#1
Hi people,

I've been playing for maybe a year now, just learning to play songs and the like, and now I want to tackle some music theory so I can play my own stuff and understand what I'm playing and why things work and don't.
I've looked all over the internet for music theory beginner lessons, but nowhere does it start from the very beginning on what to learn.
I have no musical background whatsoever, but know little bits. Does anyone have any tips on where I should begin the mega adventure that is music theory??

Also, my focus is on rock/power metal such as Edguy, Alter Bridge etc.

Cheers!!!
#4
“Science cannot solve the ultimate mystery of nature. And that is because, in the last analysis, we ourselves are part of nature and therefore part of the mystery that we are trying to solve.”


-Max Planck

☮∞☯♥
#6
shameless self promotion, click the link in my sig!
My Gear:
Gibson Faded Flying V
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Fender Hot Rod Deluxe 112
etc.




Quote by freedoms_stain
I can't imagine anything worse than shagging to Mark Knopfler.

Maybe shagging Mark Knopfler, but that's about it.
#9
Start by learning the notes on the fretboard.
Actually called Mark!

Quote by TNfootballfan62
People with a duck for their avatar always give good advice.

...it's a seagull

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i wanna see a clip of a recto buying some groceries.


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#10
My advice is try not to learn everything at once, because you, most likely, will feel overwhelmed by all the information and none of it will make any sense.

Take it slow and don't jump the gun, no matter how tempting it may be. Sure, reading about intervals and shit is boring, and you probably wanna get down to modes so you can solo all the time over anything, but you'll get there a lot quicker if you learn all the basics first.

Once you know it though it's an invaluable tool, i've been self learning for a few months now and I regret not trying to learn sooner.
#11
i advise you try be an active learner....

you can get a teacher who you can discuss theory with.
discuss concepts you have learnt and take exams/tests in you knowledge of theory .
its important to have a pencil and papaer and some blank manuscript ,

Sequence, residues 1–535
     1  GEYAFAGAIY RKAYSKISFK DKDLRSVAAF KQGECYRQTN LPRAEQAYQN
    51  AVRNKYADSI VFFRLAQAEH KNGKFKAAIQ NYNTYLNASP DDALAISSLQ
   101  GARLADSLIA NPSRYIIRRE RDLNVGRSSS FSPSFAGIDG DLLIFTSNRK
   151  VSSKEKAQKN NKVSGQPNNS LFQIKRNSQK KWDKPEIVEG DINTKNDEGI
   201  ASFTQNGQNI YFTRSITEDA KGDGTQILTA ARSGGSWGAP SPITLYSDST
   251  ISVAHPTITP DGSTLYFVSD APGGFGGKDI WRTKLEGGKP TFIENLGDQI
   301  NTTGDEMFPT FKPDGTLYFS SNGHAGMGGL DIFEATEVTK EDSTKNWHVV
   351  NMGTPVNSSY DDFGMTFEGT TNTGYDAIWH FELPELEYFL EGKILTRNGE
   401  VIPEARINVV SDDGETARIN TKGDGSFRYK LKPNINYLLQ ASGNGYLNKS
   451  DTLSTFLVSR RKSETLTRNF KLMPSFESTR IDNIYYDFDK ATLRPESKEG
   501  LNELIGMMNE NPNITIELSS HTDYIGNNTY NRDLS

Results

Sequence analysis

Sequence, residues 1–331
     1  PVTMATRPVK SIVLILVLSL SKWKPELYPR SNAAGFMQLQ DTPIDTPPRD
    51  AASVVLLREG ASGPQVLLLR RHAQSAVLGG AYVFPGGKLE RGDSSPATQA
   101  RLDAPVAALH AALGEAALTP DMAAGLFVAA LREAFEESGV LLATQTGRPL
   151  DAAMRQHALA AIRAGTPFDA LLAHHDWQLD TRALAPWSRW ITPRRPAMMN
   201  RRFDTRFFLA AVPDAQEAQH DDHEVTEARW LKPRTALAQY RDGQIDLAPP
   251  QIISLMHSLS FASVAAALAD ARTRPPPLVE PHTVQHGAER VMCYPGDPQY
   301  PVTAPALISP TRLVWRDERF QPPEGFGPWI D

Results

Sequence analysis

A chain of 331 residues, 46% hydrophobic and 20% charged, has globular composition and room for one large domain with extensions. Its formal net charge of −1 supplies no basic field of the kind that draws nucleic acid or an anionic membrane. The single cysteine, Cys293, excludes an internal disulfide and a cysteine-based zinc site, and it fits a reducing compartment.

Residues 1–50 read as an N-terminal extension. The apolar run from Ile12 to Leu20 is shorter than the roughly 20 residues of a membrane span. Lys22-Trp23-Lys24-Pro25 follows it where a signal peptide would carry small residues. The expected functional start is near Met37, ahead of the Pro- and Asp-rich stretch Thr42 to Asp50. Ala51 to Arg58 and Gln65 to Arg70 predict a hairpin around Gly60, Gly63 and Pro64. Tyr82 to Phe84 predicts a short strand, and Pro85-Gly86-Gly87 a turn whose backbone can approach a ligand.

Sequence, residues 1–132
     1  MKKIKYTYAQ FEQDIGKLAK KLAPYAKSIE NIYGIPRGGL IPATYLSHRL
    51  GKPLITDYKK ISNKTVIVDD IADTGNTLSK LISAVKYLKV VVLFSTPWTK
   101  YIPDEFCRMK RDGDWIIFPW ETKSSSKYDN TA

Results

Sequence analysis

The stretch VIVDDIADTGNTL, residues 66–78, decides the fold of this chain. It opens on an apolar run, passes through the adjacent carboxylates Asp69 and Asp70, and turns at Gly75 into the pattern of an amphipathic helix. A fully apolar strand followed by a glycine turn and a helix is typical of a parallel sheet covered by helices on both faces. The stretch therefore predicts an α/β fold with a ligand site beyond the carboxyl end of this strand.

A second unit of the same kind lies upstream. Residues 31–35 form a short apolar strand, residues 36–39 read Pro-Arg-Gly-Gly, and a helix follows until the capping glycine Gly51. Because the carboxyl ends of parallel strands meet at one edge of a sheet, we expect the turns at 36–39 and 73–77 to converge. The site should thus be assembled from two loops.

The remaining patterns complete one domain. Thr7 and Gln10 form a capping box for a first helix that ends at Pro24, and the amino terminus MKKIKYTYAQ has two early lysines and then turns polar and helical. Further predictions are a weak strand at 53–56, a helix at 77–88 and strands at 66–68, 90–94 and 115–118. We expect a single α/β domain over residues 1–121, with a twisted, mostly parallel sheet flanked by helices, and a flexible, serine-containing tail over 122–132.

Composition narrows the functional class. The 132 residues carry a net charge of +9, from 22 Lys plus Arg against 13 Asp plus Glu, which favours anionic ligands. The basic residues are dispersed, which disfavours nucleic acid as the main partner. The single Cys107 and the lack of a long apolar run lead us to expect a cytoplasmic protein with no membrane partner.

in my opinion purely staring at a computer screen will not suffice , at best you will learn things in a parrot fashion , its vital to USE the theory you learn , put it to the test, demonstrate it , have it assessed , even teach what you have learnt yourself .
#13
Quote by EdguyRule_22
Thanks for all your input everyone, very helpful!!! Cheers!!


If you click on my sig and follow the videos, you will earn more about my very popular teaching system, so much so that I had students drive as far as 2 hours away, from Austin TX (interesting there because there are plenty of guitar instructors in Austin, including the School of Rock)

I have an active school/academy with enrollment of about 200 here in Texas, and I am now bringing my stuff online recently. It grew entirely from word of mouth locally, and I expect the same will happen once someone here discovers how quickly I get them up and going.

But my honest opinion to you or anyone else as far as a good path to start out on, would be starting your studies with me. I'll teach you what no book (that Ive ever run across in 25 years of playing) does.

Here also is an example of my notes on the neck demonstration - picture yourself being able to do this as well...because I absolutely can get you there

http://www.youtube.com/watch?v=Oqp7nylW1ys

Here also is an example of my chord theory ability, keep in mind you too can do this as well, and I teach this.

http://www.youtube.com/watch?v=-UfENyOJd1g

If I can help you, let me know. The main thing that I feel confident of this method, without meaning to step on anyones toes here, is that I can teach you very very quickly, and save you years of mystery and confusion in the process. It is my hope that my approach will eventually revolutionize the way the guitar is taught, which means that we will have more self sufficient guitar players out here who have learned how to "fish" for themselves.

Best,

Sean